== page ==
https://static.pexels.com/photos/451/red-school-blur-factory.jpg

https://farm4.static.flickr.com/3707/13584535514_c2bb726231.jpg

https://c1.staticflickr.com/1/32/64368770_7bce91daf6_b.jpg

 

I teach preschool students with developmental delays in a Title I school in Glendale, Arizona. I am a National Board Certified Teacher (ENS-ECYA), an Arizona Hope Street Group Teacher Fellow Alumni, and a Candidate Support Provider for teachers seeking their National Board Certification. I earned my doctorate in Educational Leadership and Innovation at ASU. My research explored how early career special education teachers collaborated with peers to increase their team leadership skills working with paraeducators in their individual classrooms. I believe all teachers are leaders in their classrooms and possess the skills to be leaders within their schools, districts, communities, and greater context. I am passionate about National Board Certification, mentoring early career teachers, improving teacher retention, elevating teacher voice, and collaborating with a network of courageous educators who passionately advocate for kids and schools. I believe that real-life stories from our schools should inform the policies that affect students, teachers, and their communities. Therefore, I am grateful to have the opportunity to share my stories here. I welcome your comments on my blog posts and hope that we can advance the dialogue together.

Comments 12

  1. Christine Porter Marsh

    This is the kind of nuanced analysis that we need to see more often! Thank you. People are being manipulated and don’t even know it.

    Many of us realize that we need to change the narrative regarding education, but this piece makes makes me realize that we need to change the images, too.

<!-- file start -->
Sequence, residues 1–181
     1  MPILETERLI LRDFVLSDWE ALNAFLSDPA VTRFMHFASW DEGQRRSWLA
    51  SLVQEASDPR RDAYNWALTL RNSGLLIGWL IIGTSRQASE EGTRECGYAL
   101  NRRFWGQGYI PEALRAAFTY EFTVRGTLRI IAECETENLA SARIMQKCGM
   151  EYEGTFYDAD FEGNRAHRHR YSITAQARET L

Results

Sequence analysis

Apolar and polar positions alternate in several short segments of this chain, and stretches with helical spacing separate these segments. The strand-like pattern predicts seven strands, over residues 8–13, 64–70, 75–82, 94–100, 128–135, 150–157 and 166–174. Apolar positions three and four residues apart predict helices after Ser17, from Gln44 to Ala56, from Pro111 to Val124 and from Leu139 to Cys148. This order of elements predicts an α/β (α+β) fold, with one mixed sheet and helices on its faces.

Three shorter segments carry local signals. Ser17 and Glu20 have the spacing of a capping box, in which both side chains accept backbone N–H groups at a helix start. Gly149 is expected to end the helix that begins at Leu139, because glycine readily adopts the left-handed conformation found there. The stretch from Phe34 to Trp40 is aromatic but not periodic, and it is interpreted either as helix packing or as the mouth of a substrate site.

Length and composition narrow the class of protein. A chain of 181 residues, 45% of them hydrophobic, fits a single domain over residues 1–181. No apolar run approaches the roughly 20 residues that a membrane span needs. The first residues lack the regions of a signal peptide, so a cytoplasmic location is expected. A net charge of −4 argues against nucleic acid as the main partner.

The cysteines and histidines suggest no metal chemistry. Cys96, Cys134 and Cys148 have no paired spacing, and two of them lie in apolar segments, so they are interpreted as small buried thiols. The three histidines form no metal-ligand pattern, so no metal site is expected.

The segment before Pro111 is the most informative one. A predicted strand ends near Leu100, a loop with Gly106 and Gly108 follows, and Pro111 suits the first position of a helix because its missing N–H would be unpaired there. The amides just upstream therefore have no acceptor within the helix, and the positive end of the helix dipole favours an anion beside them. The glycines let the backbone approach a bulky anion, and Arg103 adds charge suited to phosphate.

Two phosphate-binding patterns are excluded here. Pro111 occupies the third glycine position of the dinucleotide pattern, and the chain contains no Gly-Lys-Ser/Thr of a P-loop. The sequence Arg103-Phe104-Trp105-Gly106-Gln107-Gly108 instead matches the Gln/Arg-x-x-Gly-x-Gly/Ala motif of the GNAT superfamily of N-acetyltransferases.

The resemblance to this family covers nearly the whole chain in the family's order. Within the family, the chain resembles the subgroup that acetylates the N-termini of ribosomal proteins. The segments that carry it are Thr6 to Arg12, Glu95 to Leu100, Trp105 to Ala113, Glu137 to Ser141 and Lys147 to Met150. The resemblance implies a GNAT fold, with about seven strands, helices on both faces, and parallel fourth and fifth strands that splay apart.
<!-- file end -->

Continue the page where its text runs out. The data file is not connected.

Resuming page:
2. Angelia

    This is a great call to action! Thank you so much for providing such a great visual depiction of what real classrooms in real schools look like. This is a great way to advocate for our schools and what students really need and really look like. I have seen these ads many times in my own community, but never took my thinking past “Blah, another one?!?!” I will definitely look at these signs again much differently. Thank you for bringing this to our consciousness.

  3. Danielle Brown

    Once again you have opened my eyes Jess!!

    I love this post both for its message & its images. The comparison between a brick and mortar school and a virtual school, shook me. I agree high school is hard work, and that work is made more meaningful through experiences that happen in classrooms i.e. discussions, experiential learning, etc.

    I agree with Angelia, this is an ideal call to action, what can educators do when we see this imagery? How do support understanding of education as more than a “comfy” place to sit rather the experiences learners & educators involve themselves in.

    Such a great reflective piece!

    Thanks for this post!

  4. Beth Maloney

    Jess, you’ve nailed a major issue here. We teachers need to stand up and say something when we see the false narrative of school choice being sold to the public. I love your choice of images. Very powerful!

  5. Treva Jenkins

    Once again Jess love your blog. You make some very excellent points. Very powerful images, which really gave me pause. How often do I see these images and just brush it off or simply ignore it, but can any of us in education really afford to do so. You are so spot on about how certain types of images can send wrong or mix messages about education! Radio, television and newspaper ads, plus fliers and brochures, are just some of the tools schools are using to promote themselves, but as you said, “educators need to speak out when [these] images ring false—.” https://uploads.disquscdn.com/images/9b237a551b77d84cac901f86c3e6ae6a4a782d44a7195bd8527f765a87c3a029.jpg
    It’s not surprising that advertisements have become one of most influential medium to attract students; ads for school choice definitely plays a huge role in students and parents deciding where to attend school. We should be demanding that all of our education institutions be more responsible —devoid of inducements and falsehoods. My concern is what can be done? What action can be taken when these institutions go too far? It’s scary to think about the students and parents who find themselves on the wrong side relying upon these false and misleading advertisements. The biggest weapon we have to fight against this is our voices. The power is in our voices and blogs like this one. Like Angie said, this is a call for action!!

    Thank you Jess.

    1. Jess Ledbetter